Ocean Matter. Celeste Olalqueaga.



Ocean Matter

Celeste Olalqueaga


Water, we’re taught, can be found in three basic forms: liquid, solid and vapor. Flowing in rivers and oceans, crystallized in icebergs and snow, suspended in clouds or falling as rain, water is a versatile element whose polyvalence (a question of temperature) makes it a perfect vessel for transportation and transmutation. Yet water can also materialize in a living organism where the limits between liquid and solid are hazy and ungraspable, producing a slippery, viscuous consistency that is as fascinating to vision as repugnant to touch. This creature, popularly known as a fish made of jelly, or a jellyfish, has become one of the ocean’s most threatening inhabitants, a passive, yet expansive mass whose increasing volume makes of its ethereal beauty a monstrous force to contend with.

Named after a mythological female also caught between elements and states, jellyfish or Medusae are this figure’s marine representatives, a floating paradox whose tentacular reach traverses oceans, cultures and ages, reproducing once and over again the mystery of its origin. For jellyfish begin their lives as hybrid beings, alternating between an attached, polyp form and a floating medusoid one, a peculiar cycle that confounded their scientific understanding until well into the nineteenth century. As for Medusa, her origin could not be more contradictory. Initially a pre-Hellenic emblem that protected fertility, the Gorgoneion was transformed by Greek culture into a deadly weapon, a decapitated head whose fiery glance and terrifying serpent mane instantly paralized men.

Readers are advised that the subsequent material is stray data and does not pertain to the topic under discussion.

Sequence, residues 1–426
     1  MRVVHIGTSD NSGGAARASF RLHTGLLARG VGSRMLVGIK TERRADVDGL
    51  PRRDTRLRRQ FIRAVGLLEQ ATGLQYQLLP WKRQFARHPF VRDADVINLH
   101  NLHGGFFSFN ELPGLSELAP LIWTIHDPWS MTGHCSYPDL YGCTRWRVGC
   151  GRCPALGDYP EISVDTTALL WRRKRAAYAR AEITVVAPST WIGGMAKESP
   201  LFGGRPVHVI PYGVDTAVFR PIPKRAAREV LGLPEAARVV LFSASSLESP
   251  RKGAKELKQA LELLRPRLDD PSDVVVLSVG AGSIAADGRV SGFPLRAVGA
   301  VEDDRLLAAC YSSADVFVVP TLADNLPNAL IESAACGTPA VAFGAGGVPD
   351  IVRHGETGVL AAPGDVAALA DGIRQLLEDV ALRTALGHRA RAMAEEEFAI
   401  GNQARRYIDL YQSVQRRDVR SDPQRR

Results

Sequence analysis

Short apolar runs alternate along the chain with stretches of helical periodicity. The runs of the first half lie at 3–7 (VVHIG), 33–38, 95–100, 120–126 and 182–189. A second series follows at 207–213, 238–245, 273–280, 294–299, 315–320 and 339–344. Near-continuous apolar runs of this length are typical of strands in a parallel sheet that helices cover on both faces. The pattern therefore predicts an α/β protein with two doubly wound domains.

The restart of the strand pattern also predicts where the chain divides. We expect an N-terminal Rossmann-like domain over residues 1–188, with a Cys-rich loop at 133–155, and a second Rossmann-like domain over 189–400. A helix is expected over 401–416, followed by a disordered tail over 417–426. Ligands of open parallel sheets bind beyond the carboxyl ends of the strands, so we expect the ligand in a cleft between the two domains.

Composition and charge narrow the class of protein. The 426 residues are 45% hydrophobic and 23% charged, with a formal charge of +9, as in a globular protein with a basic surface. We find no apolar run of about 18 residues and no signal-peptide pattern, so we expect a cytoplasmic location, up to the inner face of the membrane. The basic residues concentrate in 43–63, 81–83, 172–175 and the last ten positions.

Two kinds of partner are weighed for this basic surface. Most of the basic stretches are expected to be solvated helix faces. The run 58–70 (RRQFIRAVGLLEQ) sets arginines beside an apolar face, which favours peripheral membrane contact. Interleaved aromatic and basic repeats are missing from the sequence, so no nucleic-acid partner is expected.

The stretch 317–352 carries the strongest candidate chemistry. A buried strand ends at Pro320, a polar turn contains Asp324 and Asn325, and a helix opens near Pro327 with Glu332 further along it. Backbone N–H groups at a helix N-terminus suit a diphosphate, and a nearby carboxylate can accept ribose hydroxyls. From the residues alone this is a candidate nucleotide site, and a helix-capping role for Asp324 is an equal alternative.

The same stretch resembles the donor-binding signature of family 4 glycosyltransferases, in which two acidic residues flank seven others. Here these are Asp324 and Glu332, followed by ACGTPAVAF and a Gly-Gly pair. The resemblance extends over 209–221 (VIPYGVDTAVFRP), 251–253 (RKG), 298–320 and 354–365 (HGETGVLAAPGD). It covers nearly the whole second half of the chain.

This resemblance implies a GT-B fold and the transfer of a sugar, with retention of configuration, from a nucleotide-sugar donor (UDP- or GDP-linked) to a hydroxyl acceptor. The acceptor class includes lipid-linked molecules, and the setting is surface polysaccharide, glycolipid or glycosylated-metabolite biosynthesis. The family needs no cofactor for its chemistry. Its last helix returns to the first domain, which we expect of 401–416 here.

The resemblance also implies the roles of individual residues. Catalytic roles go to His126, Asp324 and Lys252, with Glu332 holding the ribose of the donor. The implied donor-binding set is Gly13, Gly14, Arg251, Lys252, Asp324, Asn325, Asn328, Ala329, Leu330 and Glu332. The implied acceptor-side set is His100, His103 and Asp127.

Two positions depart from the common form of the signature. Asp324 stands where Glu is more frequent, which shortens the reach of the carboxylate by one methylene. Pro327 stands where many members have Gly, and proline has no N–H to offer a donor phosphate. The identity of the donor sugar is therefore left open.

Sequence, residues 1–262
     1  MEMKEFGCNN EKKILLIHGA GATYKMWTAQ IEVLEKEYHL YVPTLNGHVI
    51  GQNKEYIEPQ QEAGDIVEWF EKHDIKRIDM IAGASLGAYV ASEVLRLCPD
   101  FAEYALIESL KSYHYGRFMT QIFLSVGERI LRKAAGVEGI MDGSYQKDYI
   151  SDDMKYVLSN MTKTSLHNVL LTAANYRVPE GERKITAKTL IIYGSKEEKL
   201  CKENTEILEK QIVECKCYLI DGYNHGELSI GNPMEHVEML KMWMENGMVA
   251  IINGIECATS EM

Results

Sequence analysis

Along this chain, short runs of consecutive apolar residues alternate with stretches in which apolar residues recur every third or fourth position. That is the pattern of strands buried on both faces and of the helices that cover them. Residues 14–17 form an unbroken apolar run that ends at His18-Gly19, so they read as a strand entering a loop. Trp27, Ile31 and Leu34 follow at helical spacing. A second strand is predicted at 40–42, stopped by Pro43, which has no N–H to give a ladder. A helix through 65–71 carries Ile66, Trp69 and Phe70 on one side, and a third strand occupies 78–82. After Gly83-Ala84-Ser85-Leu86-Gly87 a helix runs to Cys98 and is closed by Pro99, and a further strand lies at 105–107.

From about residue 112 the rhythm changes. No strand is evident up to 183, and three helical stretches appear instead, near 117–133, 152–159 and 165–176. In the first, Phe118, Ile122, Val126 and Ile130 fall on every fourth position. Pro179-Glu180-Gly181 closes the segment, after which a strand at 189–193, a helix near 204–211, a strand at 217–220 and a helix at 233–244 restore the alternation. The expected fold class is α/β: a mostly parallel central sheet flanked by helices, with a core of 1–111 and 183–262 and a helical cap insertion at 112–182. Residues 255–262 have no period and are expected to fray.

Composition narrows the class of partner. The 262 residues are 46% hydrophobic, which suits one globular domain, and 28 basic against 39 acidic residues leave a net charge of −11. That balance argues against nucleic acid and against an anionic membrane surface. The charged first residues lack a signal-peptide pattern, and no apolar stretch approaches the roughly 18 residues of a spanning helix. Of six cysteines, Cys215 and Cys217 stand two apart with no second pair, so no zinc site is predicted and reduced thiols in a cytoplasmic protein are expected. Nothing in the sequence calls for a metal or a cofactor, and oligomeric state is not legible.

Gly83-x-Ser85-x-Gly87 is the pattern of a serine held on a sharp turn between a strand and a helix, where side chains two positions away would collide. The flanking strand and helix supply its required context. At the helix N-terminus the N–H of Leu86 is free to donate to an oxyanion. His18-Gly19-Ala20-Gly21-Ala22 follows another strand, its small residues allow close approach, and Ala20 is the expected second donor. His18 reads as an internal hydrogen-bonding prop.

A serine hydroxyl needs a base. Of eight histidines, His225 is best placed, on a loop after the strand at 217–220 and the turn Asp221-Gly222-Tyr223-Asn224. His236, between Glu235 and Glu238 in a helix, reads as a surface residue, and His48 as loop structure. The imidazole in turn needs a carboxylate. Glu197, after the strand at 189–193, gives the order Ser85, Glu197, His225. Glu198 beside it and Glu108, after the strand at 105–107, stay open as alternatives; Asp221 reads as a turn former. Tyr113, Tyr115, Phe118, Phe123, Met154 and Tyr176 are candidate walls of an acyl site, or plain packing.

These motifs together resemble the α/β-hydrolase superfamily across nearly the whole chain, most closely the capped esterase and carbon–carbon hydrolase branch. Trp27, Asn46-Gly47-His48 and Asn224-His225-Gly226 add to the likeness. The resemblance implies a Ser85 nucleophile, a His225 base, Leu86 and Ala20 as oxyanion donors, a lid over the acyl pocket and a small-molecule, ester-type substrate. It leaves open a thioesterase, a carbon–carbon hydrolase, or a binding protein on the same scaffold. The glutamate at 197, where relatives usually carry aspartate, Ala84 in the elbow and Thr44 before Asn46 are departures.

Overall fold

The destiny of these two floating heads, Medusa and medusae alike, is intertwined by this imaginary beginning. Flying across the Mediterranean with his crowning glory in hand, Perseus stops and deposits the bloody trophy on an algae-laden rock. The algae instantly petrify, becoming the red coral known as Gorgonia. A collective polyp formation, coral belong to the same lineage of stinging, contracting creatures as jellyfish (known as “sea-nettles” in Antiquity) and anemones. First classified for these burning qualities and later for their hollow central pouch (“cnidaria” and “coelenterate,” respectively), medusae have carried the cultural burden of their namesake, at once luring and repelling their beholders. It is not surprising that they have been compared to female genitalia, Italian fishermen calling them “potta marina,” or “marine cunt,” perhaps for the way tentacles surround the entrance to these creatures’ pouches, forming a capillary mouth. Sex is very much what jellyfish are about: the first unicellular organisms to reproduce sexually, a mode which they combine with asexual budding (known as strobilation, where a polyp sheds layers of “heads”), some medusae are even hermaphroditic, capable of self-fertilization.